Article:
Amid the circus that is the Bundy Ranch standoff is the much more important and revealing story surrounding a previously little-noticed agency called the Bureau of Land Management.

Even observers who believed that Cliven Bundy did not have a legal leg to stand on regarding his claims that he did not owe grazing fees for his cattle to the BLM were curious as to the reason behind the heavy-handed response to Bundy’s recalcitrance.  The move ostensibly was to remove Bundy’s cattle from public lands, where they were illegally grazing.  Even though every federal agency these days, from the Environmental Protection Agency to the Department of Education, feels the need to have its own SWAT team, 200 federal agents with assault rifles and dogs seems an inappropriate way to conduct a roundup.

Upon closer examination, the reason for the importance to the BLM of establishing its authority may entail much more than the revenue from grazing fees.

For starters, the Department of the Interior’s semi-annual report to Congress in 2013 noted that the federal government has effectively controlled the market for helium for almost a century.  The BLM provides about 40 percent of the nation’s helium and 30 percent of the world market.  The BLM’s current helium inventory is valued at around 1 billion dollars.  Needless to say, as a controller of 30 percent of the world supply, the BLM is a market-maker.

Then there is the revenue from mineral sales.  The Department of the Interior inspector general report from March 2014 reports that the BLM is operating a 17-million-dollar-a-year business in minerals.  The report also points out that BLM mismanagement cost the government some $846,000 due to overlooked contract adjustments.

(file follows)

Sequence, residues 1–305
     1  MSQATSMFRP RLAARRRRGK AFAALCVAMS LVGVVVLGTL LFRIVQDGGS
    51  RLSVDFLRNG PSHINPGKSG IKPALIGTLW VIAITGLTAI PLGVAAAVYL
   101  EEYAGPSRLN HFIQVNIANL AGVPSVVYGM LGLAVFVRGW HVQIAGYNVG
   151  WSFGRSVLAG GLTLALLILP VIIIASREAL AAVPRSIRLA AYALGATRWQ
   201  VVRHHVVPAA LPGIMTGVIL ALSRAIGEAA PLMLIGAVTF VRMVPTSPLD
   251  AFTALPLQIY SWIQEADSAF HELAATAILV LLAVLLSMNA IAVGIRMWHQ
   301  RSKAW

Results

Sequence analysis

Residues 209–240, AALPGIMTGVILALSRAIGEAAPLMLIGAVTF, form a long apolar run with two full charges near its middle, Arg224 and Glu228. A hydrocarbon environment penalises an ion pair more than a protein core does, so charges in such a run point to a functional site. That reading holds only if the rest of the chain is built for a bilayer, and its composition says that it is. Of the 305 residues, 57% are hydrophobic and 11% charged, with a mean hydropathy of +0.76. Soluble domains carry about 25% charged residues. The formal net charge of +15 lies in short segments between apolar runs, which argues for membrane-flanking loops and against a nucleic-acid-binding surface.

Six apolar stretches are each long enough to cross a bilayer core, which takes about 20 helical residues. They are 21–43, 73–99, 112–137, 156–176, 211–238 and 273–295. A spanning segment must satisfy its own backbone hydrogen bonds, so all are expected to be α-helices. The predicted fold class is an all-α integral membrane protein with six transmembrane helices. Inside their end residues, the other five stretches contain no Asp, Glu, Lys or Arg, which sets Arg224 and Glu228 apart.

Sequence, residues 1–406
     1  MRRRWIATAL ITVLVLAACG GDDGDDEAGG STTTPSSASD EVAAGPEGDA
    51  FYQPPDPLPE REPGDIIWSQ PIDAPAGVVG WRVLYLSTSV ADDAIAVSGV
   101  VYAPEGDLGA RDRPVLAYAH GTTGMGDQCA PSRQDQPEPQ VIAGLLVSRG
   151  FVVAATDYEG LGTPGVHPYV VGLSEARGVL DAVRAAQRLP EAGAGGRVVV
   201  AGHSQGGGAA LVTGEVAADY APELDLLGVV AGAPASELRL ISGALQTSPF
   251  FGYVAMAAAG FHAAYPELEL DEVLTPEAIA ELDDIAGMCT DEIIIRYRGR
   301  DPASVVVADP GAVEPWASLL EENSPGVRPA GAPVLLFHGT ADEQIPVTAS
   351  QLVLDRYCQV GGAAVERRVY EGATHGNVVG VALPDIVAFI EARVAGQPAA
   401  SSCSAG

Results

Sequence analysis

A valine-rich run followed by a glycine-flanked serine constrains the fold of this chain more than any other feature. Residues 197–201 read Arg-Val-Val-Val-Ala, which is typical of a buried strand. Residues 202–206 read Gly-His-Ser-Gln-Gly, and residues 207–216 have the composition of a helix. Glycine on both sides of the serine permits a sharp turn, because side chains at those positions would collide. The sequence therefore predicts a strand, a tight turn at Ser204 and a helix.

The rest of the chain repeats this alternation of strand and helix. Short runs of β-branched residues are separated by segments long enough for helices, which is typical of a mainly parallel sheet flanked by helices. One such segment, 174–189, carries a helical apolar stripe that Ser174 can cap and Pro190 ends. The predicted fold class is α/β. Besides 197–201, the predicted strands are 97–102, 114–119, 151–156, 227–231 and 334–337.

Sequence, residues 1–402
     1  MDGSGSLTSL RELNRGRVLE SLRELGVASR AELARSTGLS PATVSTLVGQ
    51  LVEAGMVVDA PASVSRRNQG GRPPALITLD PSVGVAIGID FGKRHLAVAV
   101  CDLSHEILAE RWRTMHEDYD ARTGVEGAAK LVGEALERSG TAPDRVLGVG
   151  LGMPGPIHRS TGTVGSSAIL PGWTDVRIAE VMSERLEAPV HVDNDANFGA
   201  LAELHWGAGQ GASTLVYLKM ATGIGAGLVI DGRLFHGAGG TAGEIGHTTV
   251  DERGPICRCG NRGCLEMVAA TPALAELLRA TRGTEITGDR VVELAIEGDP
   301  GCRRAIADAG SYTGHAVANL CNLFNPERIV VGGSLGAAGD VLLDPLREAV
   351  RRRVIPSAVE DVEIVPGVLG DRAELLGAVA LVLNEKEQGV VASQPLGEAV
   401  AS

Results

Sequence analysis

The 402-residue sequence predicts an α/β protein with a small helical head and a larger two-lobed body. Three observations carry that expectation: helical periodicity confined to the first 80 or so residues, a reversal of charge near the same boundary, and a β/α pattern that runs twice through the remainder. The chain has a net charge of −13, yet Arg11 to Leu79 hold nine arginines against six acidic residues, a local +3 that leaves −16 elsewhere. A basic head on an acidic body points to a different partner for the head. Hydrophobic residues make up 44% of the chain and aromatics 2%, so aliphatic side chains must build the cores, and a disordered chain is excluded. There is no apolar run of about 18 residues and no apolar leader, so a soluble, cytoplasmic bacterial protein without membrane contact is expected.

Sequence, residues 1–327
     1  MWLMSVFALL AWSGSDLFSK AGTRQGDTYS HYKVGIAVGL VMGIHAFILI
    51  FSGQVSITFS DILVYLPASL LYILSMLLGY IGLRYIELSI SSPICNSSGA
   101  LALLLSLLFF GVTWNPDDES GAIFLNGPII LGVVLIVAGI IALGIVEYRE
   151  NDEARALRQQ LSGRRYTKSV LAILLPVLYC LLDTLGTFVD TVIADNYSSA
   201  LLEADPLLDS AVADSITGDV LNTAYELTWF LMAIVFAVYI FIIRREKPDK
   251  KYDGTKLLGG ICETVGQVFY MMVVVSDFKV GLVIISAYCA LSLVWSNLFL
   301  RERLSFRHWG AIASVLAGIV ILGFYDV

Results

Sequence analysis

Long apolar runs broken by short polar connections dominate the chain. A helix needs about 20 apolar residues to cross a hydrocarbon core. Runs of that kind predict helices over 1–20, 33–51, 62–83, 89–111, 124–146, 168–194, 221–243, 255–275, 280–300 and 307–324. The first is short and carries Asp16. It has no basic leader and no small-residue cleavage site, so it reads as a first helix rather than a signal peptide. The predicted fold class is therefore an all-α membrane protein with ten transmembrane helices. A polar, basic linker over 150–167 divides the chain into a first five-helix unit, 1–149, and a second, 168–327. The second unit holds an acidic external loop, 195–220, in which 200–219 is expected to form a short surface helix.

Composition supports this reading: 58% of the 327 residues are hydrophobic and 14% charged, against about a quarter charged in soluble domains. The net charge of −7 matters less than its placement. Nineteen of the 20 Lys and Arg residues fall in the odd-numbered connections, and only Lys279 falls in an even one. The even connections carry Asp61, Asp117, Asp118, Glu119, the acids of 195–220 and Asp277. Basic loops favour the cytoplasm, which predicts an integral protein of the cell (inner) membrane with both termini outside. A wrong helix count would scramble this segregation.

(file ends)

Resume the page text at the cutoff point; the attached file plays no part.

The real prize, however, is coal. The BLM controls some 40 percent of the national coal supply and collects more than 1 billion dollars a year in bonus and royalty revenues.  In 2012 alone, they collected a record 2.4 billion dollars.  There is great incentive for the federal government to put as many private coal producers as possible out of business.  It also shows why cattle ranchers are being inexorably driven off their lands by governmental policies.  The federal government has a much more lucrative plan for those lands that does not involve private property owners.

None of this is a secret, and the yearly revenues are openly posted on the internet.  Yet, despite the income pouring into the BLM, President Obama is requesting a 1.1-billion-dollar appropriation for 2015 for an agency whose revenues are five times its operating costs.

Rather than focusing on the inane racial comments or questionable legal arguments of an elderly and unsophisticated rancher, the media would be doing the public a better service by asking why the federal government is in the natural resource business instead of public land maintenance, as the name of the Bureau of Land Management implies.

Victor Keith writes from Burbank, California and can be contacted at victorakeith.com.